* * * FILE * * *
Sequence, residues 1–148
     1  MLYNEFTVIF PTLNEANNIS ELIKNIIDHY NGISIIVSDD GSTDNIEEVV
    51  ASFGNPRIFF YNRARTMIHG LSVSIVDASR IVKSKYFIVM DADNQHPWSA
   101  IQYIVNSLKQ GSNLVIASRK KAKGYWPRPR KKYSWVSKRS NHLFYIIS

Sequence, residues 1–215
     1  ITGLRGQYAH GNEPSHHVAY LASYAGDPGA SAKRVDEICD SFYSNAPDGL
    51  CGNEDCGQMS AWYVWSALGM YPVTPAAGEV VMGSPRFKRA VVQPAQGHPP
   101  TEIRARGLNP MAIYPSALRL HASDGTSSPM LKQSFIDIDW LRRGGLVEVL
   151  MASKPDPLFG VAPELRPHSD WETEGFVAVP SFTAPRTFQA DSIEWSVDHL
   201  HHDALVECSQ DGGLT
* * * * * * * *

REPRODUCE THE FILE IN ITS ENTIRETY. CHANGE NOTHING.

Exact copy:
Sequence, residues 1–148
     1  MLYNEFTVIF PTLNEANNIS ELIKNIIDHY NGISIIVSDD GSTDNIEEVV
    51  ASFGNPRIFF YNRARTMIHG LSVSIVDASR IVKSKYFIVM DADNQHPWSA
   101  IQYIVNSLKQ GSNLVIASRK KAKGYWPRPR KKYSWVSKRS NHLFYIIS

Sequence, residues 1–215
     1  ITGLRGQYAH GNEPSHHVAY LASYAGDPGA SAKRVDEICD SFYSNAPDGL
    51  CGNEDCGQMS AWYVWSALGM YPVTPAAGEV VMGSPRFKRA VVQPAQGHPP
   101  TEIRARGLNP MAIYPSALRL HASDGTSSPM LKQSFIDIDW LRRGGLVEVL
   151  MASKPDPLFG VAPELRPHSD WETEGFVAVP SFTAPRTFQA DSIEWSVDHL
   201  HHDALVECSQ DGGLT